Tuesday, November 05, 2013

Day's "Duty" a Delight

Usually when I travel I limit the books I bring to the essential. Liturgy of the Hours? App. Community prayerbook? E-book (thanks, Sr Domenica, for formatting it!). Bible? Spiritual reading? Light reading? Kindle (I have a new-to-me used one after I left my original used Kindle on an Aer Lingus jet.) In other words, I don't travel with books unless the title is unavailable electronically and absolutely necessary for the work I am doing on the trip.

So why, when I left for Boston early in October, did I bring the mammoth (669 page) hardcover volume of Dorothy Day's diaries, published as "The Duty of Delight"? It was just too good to leave in Chicago less than half-read. Some two-pages spreads now sport five of those little sticky bookmarks: signs that I found something that I want to share with others, whether here on NunBlog, in a retreat for my sisters, or (especially) with regard to the Theology of the Body. (Alas, that means that the book joins the mountain in my office of "books I need to take notes from".)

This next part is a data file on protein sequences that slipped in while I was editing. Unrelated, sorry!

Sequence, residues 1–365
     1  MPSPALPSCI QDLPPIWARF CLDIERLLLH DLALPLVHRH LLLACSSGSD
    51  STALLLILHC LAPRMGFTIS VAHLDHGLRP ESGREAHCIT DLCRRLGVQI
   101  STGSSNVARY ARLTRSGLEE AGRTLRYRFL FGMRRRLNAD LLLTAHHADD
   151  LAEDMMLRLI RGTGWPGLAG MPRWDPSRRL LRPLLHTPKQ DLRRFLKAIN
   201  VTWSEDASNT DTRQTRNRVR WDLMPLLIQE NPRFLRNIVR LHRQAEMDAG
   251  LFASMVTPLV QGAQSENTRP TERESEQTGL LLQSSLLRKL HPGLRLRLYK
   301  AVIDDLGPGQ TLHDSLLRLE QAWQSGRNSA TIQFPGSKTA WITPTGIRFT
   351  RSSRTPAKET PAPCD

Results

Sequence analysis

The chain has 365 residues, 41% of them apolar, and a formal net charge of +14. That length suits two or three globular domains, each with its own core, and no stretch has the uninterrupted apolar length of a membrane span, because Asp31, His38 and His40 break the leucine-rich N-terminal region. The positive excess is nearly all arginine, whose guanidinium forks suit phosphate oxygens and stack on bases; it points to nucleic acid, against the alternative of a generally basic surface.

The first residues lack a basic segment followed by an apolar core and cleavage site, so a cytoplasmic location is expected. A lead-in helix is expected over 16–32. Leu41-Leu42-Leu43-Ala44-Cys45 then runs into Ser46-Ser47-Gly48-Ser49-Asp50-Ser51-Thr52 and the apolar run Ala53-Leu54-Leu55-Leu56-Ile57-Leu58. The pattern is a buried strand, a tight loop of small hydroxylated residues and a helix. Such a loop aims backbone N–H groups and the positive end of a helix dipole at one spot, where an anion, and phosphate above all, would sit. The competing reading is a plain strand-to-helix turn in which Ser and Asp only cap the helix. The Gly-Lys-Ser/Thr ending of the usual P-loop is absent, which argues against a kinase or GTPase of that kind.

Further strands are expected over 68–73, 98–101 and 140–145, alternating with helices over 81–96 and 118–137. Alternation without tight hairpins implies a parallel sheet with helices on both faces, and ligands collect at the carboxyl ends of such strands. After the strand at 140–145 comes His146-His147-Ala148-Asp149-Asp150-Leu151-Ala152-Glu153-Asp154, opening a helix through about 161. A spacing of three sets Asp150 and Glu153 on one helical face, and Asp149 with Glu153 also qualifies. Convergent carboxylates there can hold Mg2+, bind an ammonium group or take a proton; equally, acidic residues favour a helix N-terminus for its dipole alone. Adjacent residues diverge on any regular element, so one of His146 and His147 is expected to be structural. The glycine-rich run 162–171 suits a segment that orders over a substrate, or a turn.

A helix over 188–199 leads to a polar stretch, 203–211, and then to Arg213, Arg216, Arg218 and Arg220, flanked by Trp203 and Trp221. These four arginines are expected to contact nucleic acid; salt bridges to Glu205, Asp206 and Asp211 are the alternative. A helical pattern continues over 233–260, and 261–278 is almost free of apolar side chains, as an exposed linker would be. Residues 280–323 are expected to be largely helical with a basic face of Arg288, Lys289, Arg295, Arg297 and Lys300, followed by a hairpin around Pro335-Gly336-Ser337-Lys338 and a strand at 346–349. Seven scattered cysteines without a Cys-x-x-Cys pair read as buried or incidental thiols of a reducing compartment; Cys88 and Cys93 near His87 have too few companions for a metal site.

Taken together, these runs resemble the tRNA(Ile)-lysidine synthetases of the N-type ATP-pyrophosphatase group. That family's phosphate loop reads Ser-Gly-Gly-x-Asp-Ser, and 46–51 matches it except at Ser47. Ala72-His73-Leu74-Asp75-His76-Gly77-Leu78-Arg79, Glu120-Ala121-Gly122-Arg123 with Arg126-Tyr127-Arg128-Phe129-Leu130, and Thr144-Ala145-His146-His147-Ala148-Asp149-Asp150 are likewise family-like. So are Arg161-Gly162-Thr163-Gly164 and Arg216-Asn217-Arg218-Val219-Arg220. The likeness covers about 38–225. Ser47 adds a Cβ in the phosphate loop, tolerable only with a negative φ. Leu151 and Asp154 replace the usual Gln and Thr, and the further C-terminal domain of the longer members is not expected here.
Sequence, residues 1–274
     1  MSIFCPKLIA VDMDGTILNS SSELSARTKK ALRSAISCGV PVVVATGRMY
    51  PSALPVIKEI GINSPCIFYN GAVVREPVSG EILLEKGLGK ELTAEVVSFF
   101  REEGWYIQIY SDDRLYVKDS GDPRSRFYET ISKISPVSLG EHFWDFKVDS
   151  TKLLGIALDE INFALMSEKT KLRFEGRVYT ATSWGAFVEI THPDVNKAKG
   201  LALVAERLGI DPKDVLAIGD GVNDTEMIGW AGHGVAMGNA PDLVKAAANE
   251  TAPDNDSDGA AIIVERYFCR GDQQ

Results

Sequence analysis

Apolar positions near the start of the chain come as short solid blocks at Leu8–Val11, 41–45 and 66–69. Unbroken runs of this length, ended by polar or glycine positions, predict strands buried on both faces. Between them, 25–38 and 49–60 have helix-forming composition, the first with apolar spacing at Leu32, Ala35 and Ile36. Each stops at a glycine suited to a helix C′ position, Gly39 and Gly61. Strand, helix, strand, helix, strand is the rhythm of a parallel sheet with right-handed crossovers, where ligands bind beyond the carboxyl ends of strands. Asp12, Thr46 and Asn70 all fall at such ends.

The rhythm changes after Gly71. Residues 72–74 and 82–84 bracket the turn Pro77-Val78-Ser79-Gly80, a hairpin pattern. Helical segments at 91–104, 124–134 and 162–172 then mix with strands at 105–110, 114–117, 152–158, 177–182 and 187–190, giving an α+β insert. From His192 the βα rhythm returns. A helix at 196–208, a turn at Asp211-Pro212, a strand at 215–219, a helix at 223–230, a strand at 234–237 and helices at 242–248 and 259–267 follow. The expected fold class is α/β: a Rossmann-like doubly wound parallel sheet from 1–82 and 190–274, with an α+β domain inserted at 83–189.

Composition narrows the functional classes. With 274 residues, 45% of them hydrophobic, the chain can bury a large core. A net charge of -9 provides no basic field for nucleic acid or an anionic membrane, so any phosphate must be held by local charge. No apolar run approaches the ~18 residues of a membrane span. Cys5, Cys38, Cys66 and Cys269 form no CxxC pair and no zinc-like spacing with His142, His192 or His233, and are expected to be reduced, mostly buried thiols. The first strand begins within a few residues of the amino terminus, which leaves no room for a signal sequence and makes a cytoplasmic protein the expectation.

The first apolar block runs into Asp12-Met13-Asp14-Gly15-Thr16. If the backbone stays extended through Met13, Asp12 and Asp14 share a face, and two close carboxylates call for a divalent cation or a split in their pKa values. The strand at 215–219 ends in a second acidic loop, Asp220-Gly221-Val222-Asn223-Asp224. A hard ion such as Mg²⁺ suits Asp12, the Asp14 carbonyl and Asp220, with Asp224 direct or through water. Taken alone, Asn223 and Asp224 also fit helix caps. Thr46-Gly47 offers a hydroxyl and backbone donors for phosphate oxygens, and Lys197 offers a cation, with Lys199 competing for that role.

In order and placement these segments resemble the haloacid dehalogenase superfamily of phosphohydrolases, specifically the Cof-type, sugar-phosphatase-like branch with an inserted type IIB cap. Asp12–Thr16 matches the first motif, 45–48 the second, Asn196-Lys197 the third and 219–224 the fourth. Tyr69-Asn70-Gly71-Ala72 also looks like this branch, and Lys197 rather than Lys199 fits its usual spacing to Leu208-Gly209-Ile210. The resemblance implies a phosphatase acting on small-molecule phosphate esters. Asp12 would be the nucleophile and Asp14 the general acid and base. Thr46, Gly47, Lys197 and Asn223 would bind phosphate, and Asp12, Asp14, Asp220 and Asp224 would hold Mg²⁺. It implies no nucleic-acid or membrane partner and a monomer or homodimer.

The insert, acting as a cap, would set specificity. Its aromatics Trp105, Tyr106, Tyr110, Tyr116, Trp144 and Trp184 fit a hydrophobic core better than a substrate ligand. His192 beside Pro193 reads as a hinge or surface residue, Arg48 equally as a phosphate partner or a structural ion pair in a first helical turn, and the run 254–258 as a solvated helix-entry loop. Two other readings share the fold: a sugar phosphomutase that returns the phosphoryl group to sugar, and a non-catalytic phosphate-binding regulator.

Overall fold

One doesn't get into "The Duty of Delight" before having at least read Day's other autobiographical books: "From Union Square to Rome" (her conversion story) and "The Long Loneliness" to be able to "place" the events found here, from the inside, into their proper external framework. Here are her writings from jail (where she spent two weeks at age 61 after protesting an air raid drill); her indignant response to the sexual revolution and its rejection of "the power of life"; her struggles of conscience about whether or not to accept a bequest, and what to do about the taxes on it.